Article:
There are steps a tenant may take to protect themselves against wrongdoing by a landlord. This includes documenting the condition of the home before moving in, making sure promises regarding repairs are put in writing, and documenting the condition of the home prior to moving out. Low-wage workers may call our office for a free consultation.
How can I protect myself from wrongdoing by a landlord?
- Read your lease. Before you sign the lease, read it. Pay special attention to provisions having to do with repairs. If the landlord places the burden of repairs on you or if there are other requirements that seem unfair, you have a right to negotiate and ask for changes. Make sure the changes are reflected (even if crossed out, re-written and initialed) in the lease you sign. Low-wage workers can call us about lease questions.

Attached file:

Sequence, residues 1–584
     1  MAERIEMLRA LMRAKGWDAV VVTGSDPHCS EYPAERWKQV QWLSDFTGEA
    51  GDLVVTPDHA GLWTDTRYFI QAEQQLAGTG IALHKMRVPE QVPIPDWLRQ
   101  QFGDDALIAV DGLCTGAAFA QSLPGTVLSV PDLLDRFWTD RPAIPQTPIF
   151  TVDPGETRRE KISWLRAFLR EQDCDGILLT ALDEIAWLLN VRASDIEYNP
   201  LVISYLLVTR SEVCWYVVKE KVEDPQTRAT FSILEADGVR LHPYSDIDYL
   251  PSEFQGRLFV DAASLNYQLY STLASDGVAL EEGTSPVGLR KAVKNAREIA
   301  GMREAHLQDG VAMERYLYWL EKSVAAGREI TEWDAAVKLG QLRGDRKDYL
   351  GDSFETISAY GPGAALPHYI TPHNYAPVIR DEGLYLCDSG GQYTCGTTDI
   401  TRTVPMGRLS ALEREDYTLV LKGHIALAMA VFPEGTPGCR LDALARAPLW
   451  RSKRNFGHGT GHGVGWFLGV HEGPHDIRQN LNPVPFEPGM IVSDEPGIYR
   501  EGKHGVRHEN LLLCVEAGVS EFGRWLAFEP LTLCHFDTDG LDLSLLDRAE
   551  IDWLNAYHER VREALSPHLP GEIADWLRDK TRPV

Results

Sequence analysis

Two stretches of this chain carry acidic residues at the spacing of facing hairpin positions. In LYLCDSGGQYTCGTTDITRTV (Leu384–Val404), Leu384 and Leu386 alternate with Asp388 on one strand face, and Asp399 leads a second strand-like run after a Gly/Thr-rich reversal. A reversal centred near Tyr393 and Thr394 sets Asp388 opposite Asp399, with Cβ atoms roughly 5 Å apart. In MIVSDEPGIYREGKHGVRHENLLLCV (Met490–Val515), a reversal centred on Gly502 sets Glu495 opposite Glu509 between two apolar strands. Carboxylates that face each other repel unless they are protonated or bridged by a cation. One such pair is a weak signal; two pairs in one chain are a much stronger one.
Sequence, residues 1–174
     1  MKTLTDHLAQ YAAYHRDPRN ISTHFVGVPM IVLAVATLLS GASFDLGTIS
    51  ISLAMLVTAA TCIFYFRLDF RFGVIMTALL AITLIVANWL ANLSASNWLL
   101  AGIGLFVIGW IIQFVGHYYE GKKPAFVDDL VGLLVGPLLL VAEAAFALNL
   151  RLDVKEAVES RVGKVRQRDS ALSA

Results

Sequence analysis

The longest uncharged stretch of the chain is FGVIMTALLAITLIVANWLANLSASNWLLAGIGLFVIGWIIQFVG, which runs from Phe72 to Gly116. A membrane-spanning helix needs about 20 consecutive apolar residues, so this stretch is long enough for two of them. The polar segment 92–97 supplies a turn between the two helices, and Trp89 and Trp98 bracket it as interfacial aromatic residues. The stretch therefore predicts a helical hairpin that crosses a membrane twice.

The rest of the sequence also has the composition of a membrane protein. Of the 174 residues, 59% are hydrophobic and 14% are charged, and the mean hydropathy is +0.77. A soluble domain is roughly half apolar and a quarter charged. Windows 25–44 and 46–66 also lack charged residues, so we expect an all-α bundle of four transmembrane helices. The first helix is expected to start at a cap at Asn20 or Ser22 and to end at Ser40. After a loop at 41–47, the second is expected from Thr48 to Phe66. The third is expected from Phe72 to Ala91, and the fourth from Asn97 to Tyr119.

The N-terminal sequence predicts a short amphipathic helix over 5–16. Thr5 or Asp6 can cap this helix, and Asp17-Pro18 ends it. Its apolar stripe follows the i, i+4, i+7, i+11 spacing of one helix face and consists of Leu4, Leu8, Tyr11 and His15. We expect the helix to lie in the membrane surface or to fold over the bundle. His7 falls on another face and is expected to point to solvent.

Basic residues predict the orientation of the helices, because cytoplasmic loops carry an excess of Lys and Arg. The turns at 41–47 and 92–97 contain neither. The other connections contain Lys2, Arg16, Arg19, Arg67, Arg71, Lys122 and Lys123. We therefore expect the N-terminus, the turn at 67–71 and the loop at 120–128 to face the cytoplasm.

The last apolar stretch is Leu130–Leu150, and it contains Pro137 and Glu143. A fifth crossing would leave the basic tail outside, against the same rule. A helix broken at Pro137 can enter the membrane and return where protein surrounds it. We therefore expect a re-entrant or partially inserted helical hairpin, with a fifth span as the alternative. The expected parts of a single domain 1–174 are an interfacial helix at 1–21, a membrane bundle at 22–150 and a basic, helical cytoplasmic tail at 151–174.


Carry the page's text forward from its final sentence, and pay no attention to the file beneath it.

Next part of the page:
- Promised repairs. If your landlord promises to make certain repairs if you agree to move in, get it in writing and have the landlord sign it.
- Keep records. Create a file for the lease, for all of your rental receipts and any communications you have with your landlord.
- Document pre-existing damages. When you first move in, inspect the home and document preexisting damages, such as tears in the carpet or holes in the wall. Make a list and photograph them. Send copies to your landlord by email or by mail and save copies. You don’t want to be charged for these damages when you move out.
- Photograph home before you move out. Document the condition of home before you move out. Show that you left the home in the same condition as when you moved in.
- Give proper notice before you move if you are month-to-month. If you decide to move, you must give your landlord notice at least one month BEFORE the day your rent is normally due. So if your rent is due on the first of each month and you plan to be out by the end of July, then you must give notice by June 30th (not July 1st). Give notice in writing and keep a copy.